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Lincoln, Calhoun and the U.N.'s Dilemma
Why Americans reflexively reject the values of the United Nations.
By Michael Brandon McClellan
Weekly Standard
10/14/2005 12:00:00 AM


PRIOR TO THE AMERICAN CIVIL WAR, John Calhoun and Abraham Lincoln articulated two very different ideas of equality. Each idea was powerful, and if followed, would lead to radically different outcomes. Calhoun's organizing principle can be boiled down to two words: state sovereignty. He believed in the equality of sovereign political states. In contrast, Lincoln's organizing principle of equality was the idea of individual natural rights. While Lincoln's idea of individual rights triumphed in the United States with the passage of the 13th, 14th, and 15th Constitutional Amendments and the success of the civil rights movement a century later, the Calhoun / Lincoln debate is, in a sense, still blazing in the arena of international law and in the dilemma of the United Nations.

From a perspective of organizing political principles, it is fair to say that above all else, John Calhoun stood for the idea of "entity equality." He believed that there was no higher level of political morality than that of a state being free to govern itself. Accordingly, if a group of citizens that held all of the political power in a state sought to enslave another group of citizens, the governing group was entitled to do so with the full protection of the law. In Calhoun's logic, this was derived from the fact that the governing group represented the sovereign and equal entity of the state.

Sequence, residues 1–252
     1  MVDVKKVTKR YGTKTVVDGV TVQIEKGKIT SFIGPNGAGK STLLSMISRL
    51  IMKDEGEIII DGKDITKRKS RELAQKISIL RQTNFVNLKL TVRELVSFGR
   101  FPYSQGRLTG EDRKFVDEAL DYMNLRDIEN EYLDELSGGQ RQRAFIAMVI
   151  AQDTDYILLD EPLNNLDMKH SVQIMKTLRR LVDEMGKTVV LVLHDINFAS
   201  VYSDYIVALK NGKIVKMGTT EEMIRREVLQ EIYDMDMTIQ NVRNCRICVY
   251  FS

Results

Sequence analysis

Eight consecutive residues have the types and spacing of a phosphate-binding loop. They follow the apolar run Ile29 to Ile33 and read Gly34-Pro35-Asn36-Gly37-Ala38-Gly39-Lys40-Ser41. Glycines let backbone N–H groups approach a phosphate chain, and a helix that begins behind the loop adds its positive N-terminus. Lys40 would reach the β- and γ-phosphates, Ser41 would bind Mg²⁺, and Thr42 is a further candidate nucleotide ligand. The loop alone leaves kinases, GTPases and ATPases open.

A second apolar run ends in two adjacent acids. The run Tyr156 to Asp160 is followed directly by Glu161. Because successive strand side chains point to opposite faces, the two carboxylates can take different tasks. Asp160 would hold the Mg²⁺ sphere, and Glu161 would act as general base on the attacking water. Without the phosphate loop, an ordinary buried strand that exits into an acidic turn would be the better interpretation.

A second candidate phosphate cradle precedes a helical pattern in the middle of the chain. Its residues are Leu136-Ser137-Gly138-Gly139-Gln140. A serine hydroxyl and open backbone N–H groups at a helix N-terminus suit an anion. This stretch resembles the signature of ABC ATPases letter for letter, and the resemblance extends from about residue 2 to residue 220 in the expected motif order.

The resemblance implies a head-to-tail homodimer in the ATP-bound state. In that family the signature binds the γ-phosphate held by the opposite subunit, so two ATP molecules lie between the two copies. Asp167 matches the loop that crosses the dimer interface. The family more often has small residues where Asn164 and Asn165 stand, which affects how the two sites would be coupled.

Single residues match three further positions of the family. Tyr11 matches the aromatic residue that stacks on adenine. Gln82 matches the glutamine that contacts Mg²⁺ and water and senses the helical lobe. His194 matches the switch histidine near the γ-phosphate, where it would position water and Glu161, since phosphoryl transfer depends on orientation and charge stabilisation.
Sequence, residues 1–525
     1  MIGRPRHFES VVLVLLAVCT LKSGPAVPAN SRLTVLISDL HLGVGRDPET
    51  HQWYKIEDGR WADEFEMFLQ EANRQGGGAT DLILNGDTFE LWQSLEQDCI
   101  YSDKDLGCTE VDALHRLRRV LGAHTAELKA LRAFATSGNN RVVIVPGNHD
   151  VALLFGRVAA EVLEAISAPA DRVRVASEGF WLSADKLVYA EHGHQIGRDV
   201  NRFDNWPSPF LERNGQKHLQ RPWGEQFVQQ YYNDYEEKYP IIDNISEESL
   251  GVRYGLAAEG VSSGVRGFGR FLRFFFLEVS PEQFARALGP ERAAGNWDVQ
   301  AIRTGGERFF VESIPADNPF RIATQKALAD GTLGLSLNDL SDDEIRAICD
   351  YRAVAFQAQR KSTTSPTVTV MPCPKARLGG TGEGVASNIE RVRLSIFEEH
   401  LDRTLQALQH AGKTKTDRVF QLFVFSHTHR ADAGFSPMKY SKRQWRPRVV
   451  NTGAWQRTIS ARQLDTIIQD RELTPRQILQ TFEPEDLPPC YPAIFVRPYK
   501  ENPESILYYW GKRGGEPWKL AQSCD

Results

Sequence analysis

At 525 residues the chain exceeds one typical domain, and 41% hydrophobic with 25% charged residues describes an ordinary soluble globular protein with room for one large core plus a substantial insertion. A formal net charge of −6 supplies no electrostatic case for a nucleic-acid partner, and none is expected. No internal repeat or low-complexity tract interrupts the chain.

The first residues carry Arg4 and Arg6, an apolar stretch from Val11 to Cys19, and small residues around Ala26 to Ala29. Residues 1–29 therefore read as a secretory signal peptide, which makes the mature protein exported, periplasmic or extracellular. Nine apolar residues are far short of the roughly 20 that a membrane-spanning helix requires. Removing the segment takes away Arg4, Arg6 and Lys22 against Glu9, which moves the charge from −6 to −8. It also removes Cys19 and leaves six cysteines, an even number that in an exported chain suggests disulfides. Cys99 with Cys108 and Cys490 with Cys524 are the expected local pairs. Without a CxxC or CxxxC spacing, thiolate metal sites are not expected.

For Calhoun, this idea of state equality was the only rational basis of organizing a free society in a stable federal system. No state could infringe upon the rights of another state. For, if state equality was not held sacrosanct and inviolable, then the people of a state could tyrannically infringe upon the rights of the people of another state. There would be no legal principle to stop, for example, the people of Massachusetts from imposing their will upon the people of South Carolina. All that would remain to prevent such imposition would be political and martial power.

In contrast, Lincoln stood for the idea of the natural rights of the individual. Lincoln believed that the fundamental principle of the Declaration of Independence must illuminate all valid legal systems, and accordingly the U.S. Constitution. That fundamental principle, of course, is the idea that "all men are created equal" and "that they are endowed by their Creator with certain inalienable rights." Lincoln, like the Founders, understood these rights to be universal.

Lincoln held that the purpose of government--at all levels--was to secure the rights of the governed. In Lincoln's framework, no government, even if democratically elected by a certain segment of society, had the right to enslave its citizens, for such would violate the natural rights of the governed. For Lincoln, Calhoun's principle was a farce; one could not, in the name of state liberty, deny individuals their God-given liberty.

Given this context, it is worth asking, whose ideas serve as the guiding principle of the United Nations system of international law? Calhoun's or Lincoln's?